When it comes to starting a career in claims adjusting, there are many questions you’ll have to ask yourself:
- What type of claims do I want to handle?
- Should I work for an independent firm, a third-party administrator or an insurance carrier?
- Do I want to work in an office or out in the field?
- Is this coffee that I’m drinking right now strong enough to get me through all of these decisions…? Okay… maybe not this last one.
While these questions and more swim around in your head, there’s one question you’ll need to answer before you spend too much brain power on the others:
In which state should I get my license?
In most cases, the answer is: “the license for the state in which you live…UNLESS you live in a state that doesn’t require a license. Sixteen (16) states do not require that adjusters be licensed. They are:
- District of Columbia
- New Jersey
- North Dakota
- South Dakota
If you do not live in any of the above states, the first license you need will be the one from the state you live in.
Every state has its own unique laws regarding the licensing of insurance claims adjusters. You may hear buzz about which state is “best” for an adjuster’s license…; but the bottom line is pretty simple.
Let’s assume that you live in Alabama, and you want to secure an adjuster license in Texas. Well, you are certainly welcome to try, but Texas won’t approve your application. because Alabama has its own licensing requirement for adjusters. Texas will require that you get your Alabama resident license first. THEN, and only then, you can apply for a Texas non-resident license, and you won’t have to take the Texas Adjuster Licensing Exam or complete an Adjuster Pre-licensing course. The bottom line for Texas and all other states that require adjuster licensure is:
If you live in a state that requires that adjusters be duly licensed, you will need to get licensed in YOUR HOME STATE before worrying about licensure in any other state.
Now, in the alternative, if you do live in one of the 16 states that does not require licensure of insurance claims adjusters, you have a couple options.
Sure, you might be able to adjust claims in that state and a few others without getting a license, but what if you have an opportunity to adjust claims in states that DO require the license? Does this mean you’ll need to take exams for every one of those states? Thankfully, the answer is “NO”!
Thanks to what is called a “Designated Home State” License (also referred to as a “DHS” License), you can qualify for and maintain an adjuster’s license in a state other than your home state. This state will “stand in” as your home state for “reciprocity” purposes. (We will get more into reciprocity in our next blog post). Only two (2) states issue these DHS licenses, Florida and Texas. Our previous two posts outlined the process for obtaining a license in those states.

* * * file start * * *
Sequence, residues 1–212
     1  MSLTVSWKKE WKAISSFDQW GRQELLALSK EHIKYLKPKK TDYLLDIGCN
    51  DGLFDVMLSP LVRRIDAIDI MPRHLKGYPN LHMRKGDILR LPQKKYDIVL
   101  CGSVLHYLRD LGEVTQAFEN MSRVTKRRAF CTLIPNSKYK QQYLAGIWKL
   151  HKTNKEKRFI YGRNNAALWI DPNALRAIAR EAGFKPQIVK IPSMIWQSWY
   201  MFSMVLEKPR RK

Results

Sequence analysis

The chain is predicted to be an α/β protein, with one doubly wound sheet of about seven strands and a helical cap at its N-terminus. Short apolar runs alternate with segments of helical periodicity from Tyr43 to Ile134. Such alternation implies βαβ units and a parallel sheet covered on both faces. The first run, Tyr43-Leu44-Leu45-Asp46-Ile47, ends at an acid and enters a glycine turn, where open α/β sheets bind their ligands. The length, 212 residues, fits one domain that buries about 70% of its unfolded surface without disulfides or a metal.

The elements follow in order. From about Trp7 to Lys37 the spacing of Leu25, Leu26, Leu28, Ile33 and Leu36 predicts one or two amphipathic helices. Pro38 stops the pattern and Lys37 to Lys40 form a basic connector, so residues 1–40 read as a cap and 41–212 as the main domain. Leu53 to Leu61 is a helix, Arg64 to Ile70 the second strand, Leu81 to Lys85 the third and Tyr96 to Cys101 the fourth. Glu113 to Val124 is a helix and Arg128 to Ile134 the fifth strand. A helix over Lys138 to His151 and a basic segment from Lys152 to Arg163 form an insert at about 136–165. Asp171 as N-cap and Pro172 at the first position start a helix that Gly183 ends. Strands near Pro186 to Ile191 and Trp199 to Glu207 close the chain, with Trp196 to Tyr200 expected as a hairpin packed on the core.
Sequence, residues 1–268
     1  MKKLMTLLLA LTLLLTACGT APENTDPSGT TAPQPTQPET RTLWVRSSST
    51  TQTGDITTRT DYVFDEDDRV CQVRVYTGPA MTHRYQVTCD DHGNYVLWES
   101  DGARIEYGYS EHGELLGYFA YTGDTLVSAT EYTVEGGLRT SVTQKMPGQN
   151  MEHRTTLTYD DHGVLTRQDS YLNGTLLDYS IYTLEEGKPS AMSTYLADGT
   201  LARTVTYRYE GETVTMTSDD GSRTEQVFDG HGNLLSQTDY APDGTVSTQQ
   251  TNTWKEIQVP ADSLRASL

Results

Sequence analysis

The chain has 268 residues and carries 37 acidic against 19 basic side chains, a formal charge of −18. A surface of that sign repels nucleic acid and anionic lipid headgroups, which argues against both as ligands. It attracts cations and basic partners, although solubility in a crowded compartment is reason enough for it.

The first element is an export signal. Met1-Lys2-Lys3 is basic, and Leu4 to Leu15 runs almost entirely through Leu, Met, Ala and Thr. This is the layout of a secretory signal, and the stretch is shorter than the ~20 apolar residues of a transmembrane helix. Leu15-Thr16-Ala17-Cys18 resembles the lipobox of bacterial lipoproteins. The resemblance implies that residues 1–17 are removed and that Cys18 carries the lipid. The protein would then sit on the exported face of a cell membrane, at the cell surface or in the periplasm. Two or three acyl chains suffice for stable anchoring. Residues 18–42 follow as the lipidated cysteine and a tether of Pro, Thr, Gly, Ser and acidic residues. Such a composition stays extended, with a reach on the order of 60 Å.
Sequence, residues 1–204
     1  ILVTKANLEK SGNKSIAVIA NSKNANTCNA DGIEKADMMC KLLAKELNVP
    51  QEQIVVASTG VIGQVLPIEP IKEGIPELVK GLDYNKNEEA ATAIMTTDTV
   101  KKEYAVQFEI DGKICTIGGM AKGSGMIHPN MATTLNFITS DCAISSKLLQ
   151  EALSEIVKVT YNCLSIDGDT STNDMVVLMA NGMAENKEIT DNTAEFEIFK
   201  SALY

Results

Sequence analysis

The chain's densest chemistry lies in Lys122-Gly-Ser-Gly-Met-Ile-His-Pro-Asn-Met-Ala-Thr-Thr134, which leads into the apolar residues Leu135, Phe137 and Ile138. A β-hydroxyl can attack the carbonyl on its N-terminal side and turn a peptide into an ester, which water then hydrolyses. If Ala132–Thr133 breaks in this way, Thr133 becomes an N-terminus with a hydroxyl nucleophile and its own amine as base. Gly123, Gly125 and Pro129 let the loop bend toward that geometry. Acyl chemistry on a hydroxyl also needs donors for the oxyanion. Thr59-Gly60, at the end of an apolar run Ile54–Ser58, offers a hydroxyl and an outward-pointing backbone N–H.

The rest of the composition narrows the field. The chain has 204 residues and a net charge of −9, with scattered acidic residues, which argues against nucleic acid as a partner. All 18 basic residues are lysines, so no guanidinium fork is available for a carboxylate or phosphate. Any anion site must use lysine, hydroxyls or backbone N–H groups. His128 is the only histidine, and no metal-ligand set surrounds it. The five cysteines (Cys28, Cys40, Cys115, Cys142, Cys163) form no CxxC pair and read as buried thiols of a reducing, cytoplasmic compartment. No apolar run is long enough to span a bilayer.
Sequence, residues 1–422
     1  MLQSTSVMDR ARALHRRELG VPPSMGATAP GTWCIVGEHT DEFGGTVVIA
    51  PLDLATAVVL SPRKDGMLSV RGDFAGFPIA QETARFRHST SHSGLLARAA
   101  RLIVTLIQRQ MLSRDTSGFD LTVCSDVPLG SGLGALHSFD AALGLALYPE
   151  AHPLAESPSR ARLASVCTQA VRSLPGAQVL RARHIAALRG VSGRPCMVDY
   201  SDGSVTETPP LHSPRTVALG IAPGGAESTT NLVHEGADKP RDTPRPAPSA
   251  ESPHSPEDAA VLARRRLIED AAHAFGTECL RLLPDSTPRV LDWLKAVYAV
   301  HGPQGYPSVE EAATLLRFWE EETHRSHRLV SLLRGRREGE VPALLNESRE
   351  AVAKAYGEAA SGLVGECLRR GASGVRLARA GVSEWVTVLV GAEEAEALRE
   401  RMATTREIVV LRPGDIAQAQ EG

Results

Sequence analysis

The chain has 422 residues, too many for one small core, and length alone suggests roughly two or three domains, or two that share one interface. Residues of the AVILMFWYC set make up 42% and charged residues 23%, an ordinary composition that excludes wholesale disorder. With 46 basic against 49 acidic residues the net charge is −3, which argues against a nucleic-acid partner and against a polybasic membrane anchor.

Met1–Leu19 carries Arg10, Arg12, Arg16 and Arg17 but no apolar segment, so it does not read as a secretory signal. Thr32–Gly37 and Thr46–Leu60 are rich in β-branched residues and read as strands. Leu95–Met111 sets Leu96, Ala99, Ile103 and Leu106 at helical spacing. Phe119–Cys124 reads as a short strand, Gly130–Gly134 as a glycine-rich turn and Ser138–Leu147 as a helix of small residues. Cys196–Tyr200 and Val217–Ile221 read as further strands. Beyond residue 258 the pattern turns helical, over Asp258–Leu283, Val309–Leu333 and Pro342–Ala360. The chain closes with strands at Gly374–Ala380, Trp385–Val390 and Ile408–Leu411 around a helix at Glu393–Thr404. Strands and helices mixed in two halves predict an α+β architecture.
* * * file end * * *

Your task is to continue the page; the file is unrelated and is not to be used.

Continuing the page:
Assume that you live in Illinois, a state that does not require license of its adjusters, and you want to be able to handle catastrophe claims, especially in states that are constantly ravaged by hurricanes. Most of the states that are subject to these perils DO require that their adjusters be licensed.
So, in this case, you could easily take an approved online Florida or Texas adjuster licensing course from the comfort of your home in Illinois, waive the state’s adjuster’s exam, and secure a “non-resident” DHS license in either of those states. (Keep in mind, you don’t need a “DHS” license in both of these states. You only need one!)
The state that you choose (either Florida or Texas) would then become your “home state” when it comes to getting licensed in other states that share reciprocity.
Your “designated home state” is also where you would maintain your continuing education requirement. There is no “duplication of effort” for required continuing education in states where you hold a reciprocal license.
The question: “Which state do I select as my designated home state?” is, in many ways, simply a personal preference; but it is well settled throughout the U.S. that Florida and Texas are arguably the best two for choosing your DHS adjuster’s license. With a DHS license from either Florida or Texas, you can easily become licensed in every state in the union that requires such licensure. All it takes is that you complete and submit an application for licensure and pay that state’s licensure fee (a nominal amount in every state).
Of course, nothing is ever completely cut and dry. There are some states that don’t like to play ball with anyone (like California and New York) and there’s always unique scenarios requiring creative thinking. For the most part, the advice laid out here will cover most situations.
However, if you have a unique situation or are still confused as to where to start, feel free to reach out we will be more than happy to help in any way we can!